Tapas, vegan pasta bars: College food is on-trend, customizable


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college campus dining halls. Gone are the days of gummy stews, carb-packed casseroles and tasteless soups that had students craving the prospect of home cooking during Thanksgiving break.

Universities now cater to a wide variety of diets, such as vegan and locavore, and today’s college “cafs” resemble fast-casual chain restaurants with a focus on healthy, protein- and vegetable-centric, customizable dishes.

The emphasis on BLTs as well as Ph.D.s has made higher-education food service an estimated $18 billion industry, according to Technomic. That’s up from $12.4 billion a decade ago and close to $1.89 billion in 1972, when the Chicago-based food industry research firm started tracking it. In 2019, the industry is expected to approach $18.7 billion.

“Food is a differentiator,” Technomic senior principal David Henkes said. “It’s a recruitment tool. It’s table stakes now. It’s an expectation, as every university raises its game across the board.”

In an era when colleges are using everything from their fitness facilities to luxury dorms to lure students, high schoolers can turn to a variety of online sources to scan college food ratings as they make their application choices.

Food is “part of decision for a lot of people,” said Katy Wahlke, the University of Cincinnati’s food services program director. “It’s part of their experience every day. It’s part of what they look forward to. It can make it or break it if they’re lining up two schools and all things being equal.”

For some students, it’s a concern about allergies, such as nuts, dairy or soy. Others are committed to eating only local foods. Another group has religious dietary restrictions, such as halal and kosher. All want to be sure their food regimens, whether it’s vegetarian or keto, are addressed.

One out of 3 Americans follows a specific lifestyle diet, according to the International Food Information Council Foundation, which found that the number is even higher among those ages 18 to 34.

“There’s not as much variety like there is for normal students, but for me, having celiac disease, a lot of people don’t know what it is or it’s not taken seriously,” Trackim said. “Having food cooked on a separate line meant more to me than having variety.”

The 19-year-old Syracuse student said the school, which runs all of its own dining halls, does a great job of keeping gluten-free safe for those who need it. The menu is designed to parallel what unrestricted students are served, and signs explain that diners must use a new plate if they want a gluten-free side dish or entrée to avoid cross-contamination via serving utensils.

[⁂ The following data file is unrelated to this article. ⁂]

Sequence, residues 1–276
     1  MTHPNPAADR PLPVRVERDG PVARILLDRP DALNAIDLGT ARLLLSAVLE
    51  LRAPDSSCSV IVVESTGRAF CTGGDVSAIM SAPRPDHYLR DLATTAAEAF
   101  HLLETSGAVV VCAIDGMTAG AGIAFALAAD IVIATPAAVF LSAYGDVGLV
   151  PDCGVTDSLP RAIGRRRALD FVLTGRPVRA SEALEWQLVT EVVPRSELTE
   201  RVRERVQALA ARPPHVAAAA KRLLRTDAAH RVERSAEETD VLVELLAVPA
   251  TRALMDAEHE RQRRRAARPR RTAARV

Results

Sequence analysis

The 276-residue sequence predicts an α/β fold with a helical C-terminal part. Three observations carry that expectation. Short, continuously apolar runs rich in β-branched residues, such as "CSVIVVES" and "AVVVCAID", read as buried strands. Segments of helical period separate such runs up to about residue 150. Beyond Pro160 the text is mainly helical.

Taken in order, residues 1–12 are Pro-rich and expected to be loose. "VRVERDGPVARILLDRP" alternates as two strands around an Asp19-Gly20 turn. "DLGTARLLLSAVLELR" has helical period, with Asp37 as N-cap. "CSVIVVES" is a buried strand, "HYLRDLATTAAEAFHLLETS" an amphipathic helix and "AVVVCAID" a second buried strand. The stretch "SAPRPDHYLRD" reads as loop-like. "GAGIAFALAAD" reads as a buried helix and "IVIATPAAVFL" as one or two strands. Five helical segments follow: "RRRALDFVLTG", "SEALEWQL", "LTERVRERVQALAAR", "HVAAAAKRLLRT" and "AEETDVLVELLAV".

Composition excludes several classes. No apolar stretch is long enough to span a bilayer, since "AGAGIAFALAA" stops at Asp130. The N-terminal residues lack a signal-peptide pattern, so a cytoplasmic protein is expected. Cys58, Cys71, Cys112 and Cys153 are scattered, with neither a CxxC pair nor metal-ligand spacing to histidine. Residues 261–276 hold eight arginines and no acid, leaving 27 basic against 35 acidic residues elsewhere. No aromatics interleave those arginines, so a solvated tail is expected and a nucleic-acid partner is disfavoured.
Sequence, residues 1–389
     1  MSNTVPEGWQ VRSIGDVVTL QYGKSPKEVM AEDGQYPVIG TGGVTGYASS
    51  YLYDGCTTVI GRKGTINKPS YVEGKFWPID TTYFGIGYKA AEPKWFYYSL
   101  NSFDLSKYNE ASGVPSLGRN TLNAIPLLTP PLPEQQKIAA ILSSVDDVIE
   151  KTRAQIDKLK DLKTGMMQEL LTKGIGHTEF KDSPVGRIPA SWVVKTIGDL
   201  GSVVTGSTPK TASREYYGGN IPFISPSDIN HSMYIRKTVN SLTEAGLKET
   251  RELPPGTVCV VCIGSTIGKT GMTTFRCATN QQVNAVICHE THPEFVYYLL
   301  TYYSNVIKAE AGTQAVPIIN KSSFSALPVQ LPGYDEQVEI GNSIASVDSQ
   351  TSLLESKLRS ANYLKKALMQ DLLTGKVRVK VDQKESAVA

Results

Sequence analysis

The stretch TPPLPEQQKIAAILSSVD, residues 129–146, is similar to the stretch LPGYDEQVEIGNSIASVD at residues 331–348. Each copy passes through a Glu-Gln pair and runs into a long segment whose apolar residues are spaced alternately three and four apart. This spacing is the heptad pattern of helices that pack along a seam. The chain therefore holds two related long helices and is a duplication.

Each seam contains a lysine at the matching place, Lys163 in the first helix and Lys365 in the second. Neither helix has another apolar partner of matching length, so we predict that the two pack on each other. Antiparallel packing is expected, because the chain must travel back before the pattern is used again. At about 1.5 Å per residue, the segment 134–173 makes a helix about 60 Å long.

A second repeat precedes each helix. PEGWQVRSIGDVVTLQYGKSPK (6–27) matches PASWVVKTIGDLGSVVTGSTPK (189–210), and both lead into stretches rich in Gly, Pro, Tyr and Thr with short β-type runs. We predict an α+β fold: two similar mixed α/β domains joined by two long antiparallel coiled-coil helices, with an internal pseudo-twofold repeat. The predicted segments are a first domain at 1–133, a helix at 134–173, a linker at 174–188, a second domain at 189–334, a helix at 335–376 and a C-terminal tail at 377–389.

This generation of students, used to international flavors and dining out with their parents or friends, have more sophisticated palettes than their predecessors. Universities use Korean barbecue, vegan pasta bars and mezze platters to compete for students the same way they boast to prospective students about instructor-to-student ratios, semesters abroad options and fitness centers.

At most schools, freshmen are required to live on campus in kitchen-less dorms and pay for a dining plan, but upperclassmen are free agents. Those first-years’ average cost of food – the “board” in the classic “room and board” term – was $4,650 during the 2015-2016 academic year versus $3,190 in 1986-1987, according to the U.S Department of Education. Dining plans don’t cover meals during the summer or school breaks.

Compare that to $3,829, which the U.S. Bureau of Labor Statistics found was the average annual spending on food by one American in 2016.

While snazzy menu extras may explain some of the difference between what students and nonstudents pay, university meal plans must cover extras that nonstudents don’t have to deal with, like cafeteria workers’ salaries and dining hall utility bills.

At the University of Cincinnati, 6,500 students out of 40,000 are on the meal plan, which is serviced by Aramark, one of the three food-service giants with contracts on U.S. college campuses. The menu includes ramen bowls, tapas and a custom cherry-chocolate bear claw pastry – an homage to the school colors of red and black and the mascot, the Bearcat.

Food may not be as big as football at Texas Christian University, but campus dining, run by another big food service player, Sodexo, is still important. It’s mentioned in both digital and hard copy recruitment brochures and on the virtual and in-person campus tours, according to spokeswoman Holly Ellman.

“The food is so good many faculty and staff members purchase a (meal) plan,” she said.


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